UNICEF defines a trafficked child as “any individual under 18 who is enlisted, transported, exchanged, harbored or got with the end goal of misuse, either inside or outside a nation”. The National Crime Records Bureau estimated that a child is kidnapped as often as once every eight minutes.

India is a prime region for child trafficking. There are countless trafficked for work, begging, and sexual misuse globally, but a large number of those are from, go through, or bound to go to India. Though the greater part of the trafficking happens inside the country, there is also a significant number of children trafficked from Nepal and Bangladesh. 

Child Trafficking Cases Filed on an Average in Kolkata:

Kolkata is a huge source of child trafficking in India; in the past few years alone, there are around 500 untraced cases. Shakti Vahini coordinator Rishi Kant, who has been working on the issue for several years, said: “There are over 10,000 children missing from east India according to data provided in the Parliament last year, most of whom use the rail network. We want cops to note down addresses of the girls arriving in the Capital for jobs. They can then check these addresses to find if those are genuine. Strict action against dubious agencies, which sell these girls in Haryana as brides, should be taken” as indicated in traffickingnews.wordpress.com

Unfortunately though, because of the nature of this crime, it is difficult to track, therefore making accurate estimates difficult to get.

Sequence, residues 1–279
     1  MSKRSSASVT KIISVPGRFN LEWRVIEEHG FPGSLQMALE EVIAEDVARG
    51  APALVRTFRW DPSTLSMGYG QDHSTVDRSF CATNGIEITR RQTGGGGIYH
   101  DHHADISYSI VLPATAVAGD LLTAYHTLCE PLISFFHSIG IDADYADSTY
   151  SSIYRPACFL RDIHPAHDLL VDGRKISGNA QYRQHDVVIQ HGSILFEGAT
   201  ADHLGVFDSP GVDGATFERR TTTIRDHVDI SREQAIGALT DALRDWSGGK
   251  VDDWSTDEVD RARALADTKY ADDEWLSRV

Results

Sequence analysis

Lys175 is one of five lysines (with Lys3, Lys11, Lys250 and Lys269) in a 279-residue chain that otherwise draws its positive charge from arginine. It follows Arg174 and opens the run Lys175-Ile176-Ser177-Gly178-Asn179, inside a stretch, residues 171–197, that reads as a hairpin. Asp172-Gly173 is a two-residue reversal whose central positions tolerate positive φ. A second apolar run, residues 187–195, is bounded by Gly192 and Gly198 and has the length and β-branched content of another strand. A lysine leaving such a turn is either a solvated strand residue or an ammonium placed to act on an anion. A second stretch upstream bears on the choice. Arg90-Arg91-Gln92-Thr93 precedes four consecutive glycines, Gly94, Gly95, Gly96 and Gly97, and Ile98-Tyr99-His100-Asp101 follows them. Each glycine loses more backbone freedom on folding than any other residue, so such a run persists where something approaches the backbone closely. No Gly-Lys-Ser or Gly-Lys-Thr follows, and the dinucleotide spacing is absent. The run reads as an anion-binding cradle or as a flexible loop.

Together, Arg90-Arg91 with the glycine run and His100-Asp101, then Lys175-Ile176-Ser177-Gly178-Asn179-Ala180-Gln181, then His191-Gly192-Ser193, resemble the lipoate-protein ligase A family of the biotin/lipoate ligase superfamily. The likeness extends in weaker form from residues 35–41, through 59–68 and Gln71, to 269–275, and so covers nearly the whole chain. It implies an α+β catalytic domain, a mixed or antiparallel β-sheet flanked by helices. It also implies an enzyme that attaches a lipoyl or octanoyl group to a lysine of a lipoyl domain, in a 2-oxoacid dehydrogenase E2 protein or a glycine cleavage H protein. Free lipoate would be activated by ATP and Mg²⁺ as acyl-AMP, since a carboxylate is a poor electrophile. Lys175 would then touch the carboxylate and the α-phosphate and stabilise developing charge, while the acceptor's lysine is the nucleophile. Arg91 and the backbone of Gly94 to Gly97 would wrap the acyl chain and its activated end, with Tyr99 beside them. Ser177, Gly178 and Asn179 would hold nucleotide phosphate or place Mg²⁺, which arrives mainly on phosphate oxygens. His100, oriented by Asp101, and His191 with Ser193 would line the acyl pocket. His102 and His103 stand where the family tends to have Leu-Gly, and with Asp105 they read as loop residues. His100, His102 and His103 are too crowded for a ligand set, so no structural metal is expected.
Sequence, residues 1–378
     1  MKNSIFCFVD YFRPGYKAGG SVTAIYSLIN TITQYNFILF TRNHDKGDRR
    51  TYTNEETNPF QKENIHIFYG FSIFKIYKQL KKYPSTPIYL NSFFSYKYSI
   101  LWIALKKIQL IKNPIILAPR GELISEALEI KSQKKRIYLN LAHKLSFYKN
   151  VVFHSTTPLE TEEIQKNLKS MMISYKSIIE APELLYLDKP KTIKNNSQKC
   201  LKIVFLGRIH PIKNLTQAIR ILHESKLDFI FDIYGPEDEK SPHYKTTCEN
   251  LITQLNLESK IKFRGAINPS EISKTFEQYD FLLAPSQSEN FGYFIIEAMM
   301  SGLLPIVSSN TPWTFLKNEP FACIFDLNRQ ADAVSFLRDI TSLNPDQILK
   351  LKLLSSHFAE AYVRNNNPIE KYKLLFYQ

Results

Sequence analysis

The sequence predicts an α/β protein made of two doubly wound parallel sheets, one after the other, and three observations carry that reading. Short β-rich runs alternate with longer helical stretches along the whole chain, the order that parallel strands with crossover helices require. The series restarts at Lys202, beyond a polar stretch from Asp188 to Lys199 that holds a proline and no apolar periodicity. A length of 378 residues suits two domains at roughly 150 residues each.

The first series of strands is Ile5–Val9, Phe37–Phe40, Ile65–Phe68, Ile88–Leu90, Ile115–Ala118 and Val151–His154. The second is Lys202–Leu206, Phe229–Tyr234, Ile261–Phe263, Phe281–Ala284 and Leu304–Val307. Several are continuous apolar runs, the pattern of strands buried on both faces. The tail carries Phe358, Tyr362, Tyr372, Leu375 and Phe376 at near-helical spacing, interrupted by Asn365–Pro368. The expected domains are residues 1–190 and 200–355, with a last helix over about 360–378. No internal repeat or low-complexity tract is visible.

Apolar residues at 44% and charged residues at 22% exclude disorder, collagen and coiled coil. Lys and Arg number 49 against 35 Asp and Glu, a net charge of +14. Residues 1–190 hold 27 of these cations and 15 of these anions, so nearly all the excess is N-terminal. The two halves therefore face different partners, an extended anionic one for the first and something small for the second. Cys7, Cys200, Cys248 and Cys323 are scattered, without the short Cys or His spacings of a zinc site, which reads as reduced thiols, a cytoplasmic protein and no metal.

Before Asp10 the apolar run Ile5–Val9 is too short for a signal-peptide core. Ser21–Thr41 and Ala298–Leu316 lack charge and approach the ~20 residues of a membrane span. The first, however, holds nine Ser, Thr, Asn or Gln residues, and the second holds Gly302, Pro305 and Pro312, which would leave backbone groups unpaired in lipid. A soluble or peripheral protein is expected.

Recent Case of Child Trafficking in Kolkata:

Two babies’ bodies were found on the Sujit Dutta Memorial Welfare Trust premises at Machlandapur in West Bengal’s North 24-Parganas area Friday. The trust is purportedly responsible for trafficking babies, possibly transnationally. Recently 15 individuals, including seven women, have been captured in association with the Trust. The exhumation came a day after 10 babies were saved from a “maturity home” in Kolkata.

“Acting on a tip-off, our group recouped [the] two bodies. We may get more bodies there,” said ADG (CID) Rajesh Kumar as mentioned in indianexpress.com. Authorities said infants were being smuggled into different states in cardboard boxes used for pressing scones. During cross investigation of the charged, police said they were informed that the count included children who passed away while being moved.

Then, late Thursday, authorities discovered 10 newborn children — all females aged between one and 10 months — on the third floor of Purbasha, a “seniority home for the slow-witted” at Thakurpukur. During the search, Reena Banerjee, Purbasha’s owner, was captured.

Sources said Reena is the child of Putul Banerjee, the owner of South View Nursing Home in Kolkata. “A fundamental test discloses that no less than 50 newborn children have been sold through Purbasha. This number could be more. The CID is also investigating who purchased these infants,” said ADG (CID) Rajesh Kumar as mentioned in indianexpress.com.

Local Perceptions:

Sources said babies from South View were exchanged through Purbasha, from where they were sold to childless couples. Local people said that while they had seen individuals entering the home with children, they believed Putul Banerjee’s nursing was regulating polio drops. “This building houses a wellbeing focus. In this way, when we saw any infant being gotten, we didn’t consider it odd,” said a local.

Punishment for Child Trafficking in India:

The Government of India punishes human trafficking for business and sexual abuse through the Immoral Trafficking Prevention Act (ITPA), with recommended punishment of seven years’ to life detainment. India likewise precludes reinforced and constrained work through the Bonded Labor Abolition Act, the Child Labor Act, and the Juvenile Justice Act.

Indian powers also use Sections 366(A) and 372 of the Indian Penal Code, forbidding capturing and offering minors into prostitution. Punishments under these arrangements are a most ten years and a fine.

Photo by CC-by-sa PlaneMad/Wikimedia 

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